Which character did you enjoy writing the most?

Hmm, that’s tough—like trying to choose a favorite child. And since I have both a hero and heroine in the story, I’d feel terribly guilty picking between them. But as far as the supporting cast goes, I love Cody—he’s so sweet, and the way he comes through for Peter, serving as a surrogate brother for him, was lovely. A few of the characters who basically have walk-on roles were a lot of fun to write, too—especially Otis (the geeky college student who helps Noa in the library) and Pam (Cody’s downtrodden downstairs neighbor).

What was your drafting and revising process like for Don't Turn Around?

This book basically wrote itself—even with the hacking and medical research involved, I tore through the rough draft, finishing it in about eight weeks. Of course, it was very rough at that stage, and my incredible editor Karen Chaplin provided notes that helped me hone in on what worked and what didn’t. All in all, it was a relatively smooth process—after her initial notes I did a fairly heavy revision, then another one that was mainly tweaks. After that, all that remained was to review the copy-edits and line edits (and the Harper copy-editing team was phenomenal, their attention to detail really blew me away!)

If you could pair Noa and Peter with any character from any book, who would you pick for each?

Another tough one! Okay…I think that Peter would get along really well with Alex from Katie Crouch’s Magnolia League series. Despite their different upbringings, they both have a laid back approach to life and a wacky sense of humor. Noa’s the tricky one, since she doesn’t generally play well with others. But I think that she and Perry from Veronica Rossi’s UNDER THE NEVER SKY would really understand each other.

What kind of dinosaur would you describe yourself as?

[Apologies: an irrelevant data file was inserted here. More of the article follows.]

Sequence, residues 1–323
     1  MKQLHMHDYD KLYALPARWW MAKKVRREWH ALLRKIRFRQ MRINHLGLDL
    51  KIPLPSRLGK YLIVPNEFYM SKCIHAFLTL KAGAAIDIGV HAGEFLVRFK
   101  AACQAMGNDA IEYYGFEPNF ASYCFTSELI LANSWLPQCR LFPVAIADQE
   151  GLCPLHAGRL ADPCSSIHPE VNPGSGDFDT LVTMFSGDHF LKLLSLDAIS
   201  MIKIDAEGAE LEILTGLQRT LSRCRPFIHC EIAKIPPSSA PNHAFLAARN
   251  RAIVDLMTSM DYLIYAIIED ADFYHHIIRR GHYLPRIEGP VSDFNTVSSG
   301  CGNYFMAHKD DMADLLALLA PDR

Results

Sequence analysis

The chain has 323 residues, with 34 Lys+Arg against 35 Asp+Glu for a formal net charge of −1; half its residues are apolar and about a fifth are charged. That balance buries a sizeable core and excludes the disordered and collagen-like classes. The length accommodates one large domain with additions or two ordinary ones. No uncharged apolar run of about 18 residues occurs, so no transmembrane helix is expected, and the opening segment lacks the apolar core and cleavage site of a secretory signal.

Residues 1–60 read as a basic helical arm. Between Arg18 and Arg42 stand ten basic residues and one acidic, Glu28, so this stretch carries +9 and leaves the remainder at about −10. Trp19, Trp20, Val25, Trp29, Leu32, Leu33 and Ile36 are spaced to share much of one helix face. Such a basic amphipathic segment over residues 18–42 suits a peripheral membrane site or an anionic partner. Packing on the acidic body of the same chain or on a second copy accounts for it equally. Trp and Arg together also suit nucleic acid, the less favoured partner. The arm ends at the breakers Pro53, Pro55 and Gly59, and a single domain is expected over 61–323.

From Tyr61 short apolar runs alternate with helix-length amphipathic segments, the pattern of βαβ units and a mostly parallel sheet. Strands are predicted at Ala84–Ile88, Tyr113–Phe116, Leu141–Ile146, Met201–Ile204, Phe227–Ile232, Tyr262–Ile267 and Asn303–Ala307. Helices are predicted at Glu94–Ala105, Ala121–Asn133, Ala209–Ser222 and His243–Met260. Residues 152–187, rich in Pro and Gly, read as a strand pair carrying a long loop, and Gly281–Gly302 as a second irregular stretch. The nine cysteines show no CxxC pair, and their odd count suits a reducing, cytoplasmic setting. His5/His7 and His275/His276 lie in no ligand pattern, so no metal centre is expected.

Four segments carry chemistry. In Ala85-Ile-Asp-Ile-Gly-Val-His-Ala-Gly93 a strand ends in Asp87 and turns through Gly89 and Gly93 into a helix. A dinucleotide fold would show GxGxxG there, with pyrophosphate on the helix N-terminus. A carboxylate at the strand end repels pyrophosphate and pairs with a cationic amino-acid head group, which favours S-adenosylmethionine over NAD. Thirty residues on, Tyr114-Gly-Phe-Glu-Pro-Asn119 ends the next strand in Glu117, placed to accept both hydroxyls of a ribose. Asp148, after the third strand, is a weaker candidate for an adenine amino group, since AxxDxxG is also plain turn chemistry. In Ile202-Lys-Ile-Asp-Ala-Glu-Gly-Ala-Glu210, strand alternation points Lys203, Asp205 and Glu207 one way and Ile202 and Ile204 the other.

An alligator, because they refused to become extinct when the rest of their species perished. I’m all about perseverance.

Thanks, Michelle, for stopping in!

Want to know more about Don't Turn Around? Check it out on Goodreads and add it to your shelf! And be sure to find Michelle over at Reading Lark for another interview!

Friday, August 24, 2012

Book Review: Glass Heart by Amy Garvey

SUMMARY: Wren can do things that other people can only dream of. Make it snow on a clear, crisp day. Fly through an abandoned tunnel. Bring a paper bird to life.

Wren knows her abilities are tinged with danger—knows how easy it is to lose control—but she can't resist the intoxicating rush. And now that she has Gabriel by her side, someone who knows what she can do—what she has done—she finally feels free to be herself.

But as Wren explores the possibilities of her simmering powers, Gabriel starts pushing her away. Telling her to be careful. Telling her to stop. The more he cautions her, the more determined Wren becomes to prove that she can handle things on her own. And by the time she realizes that Gabriel may be right, it could be too late to bring him back to her side.


I have to admit, this one let me down in some ways. A little too focused on the romance, this one didn’t have quite the same emotional pull as Cold Kiss. Still, I enjoyed seeing more of Wren, and appreciate the new twists thrown into this one.

I like Wren. I think she’s a great character, and I feel for her with her struggles over her magic. Taught to hide it, and scared in some ways to use it, she is also curious and wanting to know more. Wren is the right mix of obedient and defiant, and while I felt like the changes she went through in Cold Kiss didn’t necessarily transfer to this one, it was also great to see her more into things now that she’s put Danny to rest, both figuratively and literally. She just has something about her that makes me want to side with her and root for her, and her development in this book takes some big strides.